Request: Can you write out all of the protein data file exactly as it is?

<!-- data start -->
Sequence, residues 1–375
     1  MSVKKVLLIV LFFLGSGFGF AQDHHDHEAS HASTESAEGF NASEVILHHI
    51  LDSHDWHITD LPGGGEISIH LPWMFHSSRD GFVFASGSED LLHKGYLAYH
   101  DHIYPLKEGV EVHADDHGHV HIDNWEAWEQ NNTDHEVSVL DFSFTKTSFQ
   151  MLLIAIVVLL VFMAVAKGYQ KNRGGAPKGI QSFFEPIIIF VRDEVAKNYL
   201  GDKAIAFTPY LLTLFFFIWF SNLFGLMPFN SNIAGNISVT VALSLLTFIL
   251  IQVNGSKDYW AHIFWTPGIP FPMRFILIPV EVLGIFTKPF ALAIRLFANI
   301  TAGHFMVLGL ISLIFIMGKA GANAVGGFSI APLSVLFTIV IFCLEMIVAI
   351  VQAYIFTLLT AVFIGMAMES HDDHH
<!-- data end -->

Sequence, residues 1–375
     1  MSVKKVLLIV LFFLGSGFGF AQDHHDHEAS HASTESAEGF NASEVILHHI
    51  LDSHDWHITD LPGGGEISIH LPWMFHSSRD GFVFASGSED LLHKGYLAYH
   101  DHIYPLKEGV EVHADDHGHV HIDNWEAWEQ NNTDHEVSVL DFSFTKTSFQ
   151  MLLIAIVVLL VFMAVAKGYQ KNRGGAPKGI QSFFEPIIIF VRDEVAKNYL
   201  GDKAIAFTPY LLTLFFFIWF SNLFGLMPFN SNIAGNISVT VALSLLTFIL
   251  IQVNGSKDYW AHIFWTPGIP FPMRFILIPV EVLGIFTKPF ALAIRLFANI
   301  TAGHFMVLGL ISLIFIMGKA GANAVGGFSI APLSVLFTIV IFCLEMIVAI
   351  VQAYIFTLLT AVFIGMAMES HDDHH